Biden Administration Announces New Measures to Attract STEM Talent

On January 21, 2022, White House announced a series of measures to benefit STEM (Science, Technology, Engineering, and Mathematics) degree students, in a stated effort to attract international talent in STEM fields.

  • The Department of Homeland Security (DHS) announced that it is adding 22 new fields of study to the STEM Optional Practical Training (OPT) program. The additions mean that more F-1 students will be eligible for a 24-month STEM OPT extension after completion of their first year of OPT.
  • DHS updated its policy manual regarding what evidence may satisfy the O-1A evidentiary criteria for immigrants of extraordinary ability, such as those who hold a Ph.D. in a STEM field. The update:
    • Expands the circumstances in which petitioners may submit “comparable evidence” as an O-1A criterion and allows adjudicating officers to consider any potentially relevant evidence in making the final adjudication. Examples may include: journal impact factors, total rate of citations relative to others in the field, research experience with leading institutions, and unsolicited invitations for the beneficiary to present at nationally or internationally recognized conferences.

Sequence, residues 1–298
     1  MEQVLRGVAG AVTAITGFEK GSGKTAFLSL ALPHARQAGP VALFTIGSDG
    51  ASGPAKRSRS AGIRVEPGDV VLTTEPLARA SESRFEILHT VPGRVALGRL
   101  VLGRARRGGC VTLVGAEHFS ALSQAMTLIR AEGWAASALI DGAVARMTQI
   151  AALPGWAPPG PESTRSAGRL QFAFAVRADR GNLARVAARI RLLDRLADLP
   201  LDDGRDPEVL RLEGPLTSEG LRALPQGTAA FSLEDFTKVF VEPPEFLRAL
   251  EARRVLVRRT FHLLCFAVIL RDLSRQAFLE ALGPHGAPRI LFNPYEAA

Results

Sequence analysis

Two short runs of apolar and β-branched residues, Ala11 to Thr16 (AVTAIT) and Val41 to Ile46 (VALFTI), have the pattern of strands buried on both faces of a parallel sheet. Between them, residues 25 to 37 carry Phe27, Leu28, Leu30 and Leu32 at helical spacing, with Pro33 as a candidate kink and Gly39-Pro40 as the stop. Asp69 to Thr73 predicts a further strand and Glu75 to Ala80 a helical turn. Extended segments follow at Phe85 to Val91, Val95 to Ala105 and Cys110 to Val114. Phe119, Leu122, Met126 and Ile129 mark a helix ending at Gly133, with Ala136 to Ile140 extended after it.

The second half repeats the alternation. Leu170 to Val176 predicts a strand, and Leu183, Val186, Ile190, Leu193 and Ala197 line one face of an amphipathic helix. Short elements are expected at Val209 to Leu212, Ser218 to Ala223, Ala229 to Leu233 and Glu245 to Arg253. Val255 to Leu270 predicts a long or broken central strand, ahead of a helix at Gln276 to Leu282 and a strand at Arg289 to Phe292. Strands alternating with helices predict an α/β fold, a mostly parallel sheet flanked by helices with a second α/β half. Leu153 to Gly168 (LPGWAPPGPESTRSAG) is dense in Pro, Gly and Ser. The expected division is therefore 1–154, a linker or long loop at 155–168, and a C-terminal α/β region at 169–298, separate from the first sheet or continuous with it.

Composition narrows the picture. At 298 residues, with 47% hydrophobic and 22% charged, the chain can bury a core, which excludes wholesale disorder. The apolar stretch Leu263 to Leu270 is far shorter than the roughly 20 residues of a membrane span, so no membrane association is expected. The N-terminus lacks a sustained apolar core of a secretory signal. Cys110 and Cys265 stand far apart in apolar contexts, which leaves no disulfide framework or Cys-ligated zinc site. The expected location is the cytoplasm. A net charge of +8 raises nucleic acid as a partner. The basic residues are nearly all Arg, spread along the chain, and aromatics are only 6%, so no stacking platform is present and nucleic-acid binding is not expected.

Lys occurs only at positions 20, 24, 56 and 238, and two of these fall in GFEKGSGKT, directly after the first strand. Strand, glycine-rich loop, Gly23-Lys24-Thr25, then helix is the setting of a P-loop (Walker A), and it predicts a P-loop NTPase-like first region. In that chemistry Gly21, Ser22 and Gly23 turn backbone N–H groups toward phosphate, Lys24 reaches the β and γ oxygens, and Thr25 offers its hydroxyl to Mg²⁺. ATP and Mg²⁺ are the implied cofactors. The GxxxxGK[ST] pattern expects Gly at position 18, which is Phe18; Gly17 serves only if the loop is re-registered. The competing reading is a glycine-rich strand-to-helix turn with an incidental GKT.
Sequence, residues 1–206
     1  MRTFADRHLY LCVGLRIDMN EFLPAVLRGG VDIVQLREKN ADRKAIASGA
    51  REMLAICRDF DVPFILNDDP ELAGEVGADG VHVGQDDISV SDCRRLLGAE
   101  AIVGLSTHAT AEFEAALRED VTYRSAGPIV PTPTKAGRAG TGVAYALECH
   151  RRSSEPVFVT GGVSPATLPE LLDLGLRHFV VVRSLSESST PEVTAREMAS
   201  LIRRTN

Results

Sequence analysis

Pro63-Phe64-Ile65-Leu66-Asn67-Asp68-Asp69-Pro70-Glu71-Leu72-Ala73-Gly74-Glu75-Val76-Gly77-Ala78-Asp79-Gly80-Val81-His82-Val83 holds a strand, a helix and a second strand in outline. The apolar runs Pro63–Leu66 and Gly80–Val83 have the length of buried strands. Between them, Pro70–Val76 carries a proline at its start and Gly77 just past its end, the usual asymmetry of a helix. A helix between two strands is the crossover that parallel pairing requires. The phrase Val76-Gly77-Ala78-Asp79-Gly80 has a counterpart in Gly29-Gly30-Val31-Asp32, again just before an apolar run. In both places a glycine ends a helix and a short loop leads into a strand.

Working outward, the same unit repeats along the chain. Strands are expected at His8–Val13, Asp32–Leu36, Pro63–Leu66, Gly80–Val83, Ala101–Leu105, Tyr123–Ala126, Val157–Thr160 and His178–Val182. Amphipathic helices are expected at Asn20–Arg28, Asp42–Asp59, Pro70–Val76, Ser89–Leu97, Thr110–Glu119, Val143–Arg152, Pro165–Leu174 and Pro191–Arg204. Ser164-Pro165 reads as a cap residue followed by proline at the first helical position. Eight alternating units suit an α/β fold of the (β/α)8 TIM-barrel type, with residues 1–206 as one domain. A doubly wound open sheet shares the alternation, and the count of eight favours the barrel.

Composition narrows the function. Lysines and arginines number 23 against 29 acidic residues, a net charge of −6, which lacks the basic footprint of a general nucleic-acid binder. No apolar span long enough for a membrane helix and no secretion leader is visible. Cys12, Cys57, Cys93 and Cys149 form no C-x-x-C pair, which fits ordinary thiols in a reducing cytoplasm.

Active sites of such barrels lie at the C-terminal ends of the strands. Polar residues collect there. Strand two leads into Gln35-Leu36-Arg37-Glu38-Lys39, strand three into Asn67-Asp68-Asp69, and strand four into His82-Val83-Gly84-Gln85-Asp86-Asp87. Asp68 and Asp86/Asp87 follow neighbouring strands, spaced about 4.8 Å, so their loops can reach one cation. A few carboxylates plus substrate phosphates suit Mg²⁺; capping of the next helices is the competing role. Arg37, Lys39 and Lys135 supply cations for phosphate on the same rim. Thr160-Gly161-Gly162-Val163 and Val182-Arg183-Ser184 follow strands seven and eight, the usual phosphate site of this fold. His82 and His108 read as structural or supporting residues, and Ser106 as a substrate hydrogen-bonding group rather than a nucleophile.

• Provides for a broader interpretation of the field of expertise and area of extraordinary ability, allowing adjudicating officers to consider accomplishments in related occupations involving shared knowledge and skillsets.
  •  DHS also updated its policy manual for adjudication of National Interest Waiver I-140 petitions for immigrants with exceptional ability in their field of work. The update:
    • Discusses evidentiary standards for STEM fields. For example, the update clarifies that USCIS will consider an advanced degree in a related STEM field (such as a Ph.D.), as an “especially positive factor.”
      • Directs officers to recognize the importance of critical and emerging technology fields, including those published by the National Science and Technology Council or the National Security Council.
      • Provides that DHS officers should weight letters from interested U.S. government agencies or federally-funded research centers when evaluating the prospective benefit to the national interest.

• The State Department announced an “Early Career STEM Research Initiative” to facilitate J-1 exchange visitor programs in the U.S. for STEM research, training or educational exchange visitor programs with host organizations, including businesses.

• The State Department also published new guidance that will facilitate additional academic training for J-1 undergraduate and graduate students in STEM fields for periods of up to 36 months.